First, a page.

I’m reading back through a number of sources that have been cited and have been conspicuously not cited by both sides of the current Ehrman/Bird-Evans-Gathercole-Hill-Tilling debate, and I’ve been impressed (again) by some comments made by Paula Fredriksen about the treatment of the notion of monotheism by the Early High Christology Club that bear sharing:
Big books and long articles have appeared analyzing the sudden and early development of high christological claims by imputing an austere and exclusive monotheism to late Second Temple Judaism.28 Jews are distinguished from pagan contemporaries on the basis of their cultic exclusivism, a consequence of this monotheism. The persecution of Gentile Christians, in turn, is explained as the result of their commitment, inherited from Judaism, to this sort of monotheism. Meanwhile, the higher the christological claims, the more ingenious the various and scholarly reassurances that these claims do not, in fact, compromise monotheism.
All this raises the question, What do we mean by “monotheism”? In the modern context of its origin, the word denotes belief in a single god who is the only god. When modern scholars transpose the term to antiquity, the definition remains constant. And that is a large part of the problem.
Ancient monotheism spoke to the imagined architecture of the cosmos, not to its absolute population. Ancient monotheism means “one god on top,” with other gods ranged beneath, lower than, and in some sense subordinate to the high god. People of sufficient education who thought philosophically about relations between levels of divinity might see these lower gods as ontologically contingent on the high god; less philosophical monotheists were content simply to assert that their own god was the biggest, the most powerful, or the best god.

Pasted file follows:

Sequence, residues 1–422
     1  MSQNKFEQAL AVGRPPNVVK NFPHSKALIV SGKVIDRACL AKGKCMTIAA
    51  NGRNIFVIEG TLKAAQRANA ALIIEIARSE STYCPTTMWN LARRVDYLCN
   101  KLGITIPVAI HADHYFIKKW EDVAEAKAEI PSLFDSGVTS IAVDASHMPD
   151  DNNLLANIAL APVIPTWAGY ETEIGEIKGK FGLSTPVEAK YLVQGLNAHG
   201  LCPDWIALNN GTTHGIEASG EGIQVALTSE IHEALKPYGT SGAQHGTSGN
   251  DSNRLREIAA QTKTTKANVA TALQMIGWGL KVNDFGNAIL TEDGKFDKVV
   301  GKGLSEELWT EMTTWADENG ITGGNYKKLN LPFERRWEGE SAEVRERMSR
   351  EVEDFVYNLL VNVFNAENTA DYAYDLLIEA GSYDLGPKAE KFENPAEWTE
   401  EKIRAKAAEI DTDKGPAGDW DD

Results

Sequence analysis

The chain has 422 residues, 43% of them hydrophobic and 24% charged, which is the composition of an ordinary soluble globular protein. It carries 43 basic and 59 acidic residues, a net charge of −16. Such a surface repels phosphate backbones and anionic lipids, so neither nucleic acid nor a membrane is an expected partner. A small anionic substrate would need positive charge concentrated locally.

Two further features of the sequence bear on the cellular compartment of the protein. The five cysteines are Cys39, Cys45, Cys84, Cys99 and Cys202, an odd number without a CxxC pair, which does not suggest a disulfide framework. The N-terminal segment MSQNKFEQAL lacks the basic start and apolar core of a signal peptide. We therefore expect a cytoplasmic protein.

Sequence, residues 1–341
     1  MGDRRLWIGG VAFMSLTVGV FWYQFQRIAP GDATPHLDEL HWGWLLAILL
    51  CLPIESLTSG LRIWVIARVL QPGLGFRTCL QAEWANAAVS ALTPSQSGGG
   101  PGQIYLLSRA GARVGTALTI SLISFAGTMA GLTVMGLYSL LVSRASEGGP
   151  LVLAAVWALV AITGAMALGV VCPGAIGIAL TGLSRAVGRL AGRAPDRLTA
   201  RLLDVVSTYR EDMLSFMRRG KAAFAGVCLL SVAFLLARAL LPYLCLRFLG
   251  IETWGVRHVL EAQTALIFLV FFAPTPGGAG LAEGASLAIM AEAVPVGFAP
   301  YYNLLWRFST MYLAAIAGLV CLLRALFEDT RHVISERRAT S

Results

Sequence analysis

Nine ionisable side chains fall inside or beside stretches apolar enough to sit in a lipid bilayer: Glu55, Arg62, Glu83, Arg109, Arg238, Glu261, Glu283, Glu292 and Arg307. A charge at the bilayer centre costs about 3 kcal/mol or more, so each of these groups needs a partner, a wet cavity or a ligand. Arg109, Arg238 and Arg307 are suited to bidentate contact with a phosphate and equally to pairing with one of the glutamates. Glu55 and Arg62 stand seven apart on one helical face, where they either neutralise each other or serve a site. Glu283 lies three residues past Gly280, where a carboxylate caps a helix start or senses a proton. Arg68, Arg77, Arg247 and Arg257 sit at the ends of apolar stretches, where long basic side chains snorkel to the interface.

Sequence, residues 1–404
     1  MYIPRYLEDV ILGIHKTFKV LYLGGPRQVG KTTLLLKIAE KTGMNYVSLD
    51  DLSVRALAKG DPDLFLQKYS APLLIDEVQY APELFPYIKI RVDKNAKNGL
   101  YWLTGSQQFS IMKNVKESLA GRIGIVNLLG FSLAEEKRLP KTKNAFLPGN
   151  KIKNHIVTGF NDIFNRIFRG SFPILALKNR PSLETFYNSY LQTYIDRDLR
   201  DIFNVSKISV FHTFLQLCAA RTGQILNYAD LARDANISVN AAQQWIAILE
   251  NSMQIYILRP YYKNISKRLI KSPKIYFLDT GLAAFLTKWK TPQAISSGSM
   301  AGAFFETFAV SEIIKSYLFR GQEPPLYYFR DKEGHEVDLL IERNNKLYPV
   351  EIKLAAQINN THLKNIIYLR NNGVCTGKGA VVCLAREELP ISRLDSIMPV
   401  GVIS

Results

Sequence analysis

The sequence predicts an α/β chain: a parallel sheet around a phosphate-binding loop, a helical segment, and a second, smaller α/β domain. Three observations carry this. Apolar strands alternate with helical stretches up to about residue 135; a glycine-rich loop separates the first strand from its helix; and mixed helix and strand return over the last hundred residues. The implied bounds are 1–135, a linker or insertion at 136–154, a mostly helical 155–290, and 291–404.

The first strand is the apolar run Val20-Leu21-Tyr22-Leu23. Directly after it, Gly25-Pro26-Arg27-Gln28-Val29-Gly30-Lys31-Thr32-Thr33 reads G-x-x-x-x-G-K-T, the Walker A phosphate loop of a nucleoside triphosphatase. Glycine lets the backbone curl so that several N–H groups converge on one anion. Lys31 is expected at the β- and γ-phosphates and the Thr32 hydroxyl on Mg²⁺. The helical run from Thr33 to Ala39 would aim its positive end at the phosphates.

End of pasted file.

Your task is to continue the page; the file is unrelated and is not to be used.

Fredriksen, “Mandatory Retirement: Ideas in the Study of Christian Origins Whose Time Has Come to Go,” in Israel’s God and Rebecca’s Children (D. B. Capes, et al., eds.; Waco, TX: Baylor University Press, 2007), 35.
Y’see, in his discussion of early christology, Ehrman explicitly adopts the idea of the divine/human relationship as a continuum, or spectrum (helped along by Peppard, whom I address here), over and against the contemporary notion of a strict and clear divine/human dichotomy that is so often the conceptual linchpin that makes the detection of an early high christology possible (for Bauckham most critically). For proponents of the latter conceptualization, first century Judaism is staunchly and consciously monotheistic because of this dichotomous relationship of God to “all other reality,” but the philosophical lexicon and lenses that make such a view possible are generally just assumed, without argument, to have been issued to every Jewish person of the first century of the Common Era. The reality of the ancient world is much more complicated than that, as Fredriksen points out above (and more forcefully in her review of Hurtado’s Lord Jesus Christ). Building on the work of Gradel, Fredriksen, and others, Peppard and now Ehrman highlight this concern, but I have yet to see a single reference to those precedents in the essays on monotheism from Bird’s response, much less a cogent challenge to their arguments. There is still more left for me to read, though. Individual reviews and thoughts on the overall debate will be forthcoming.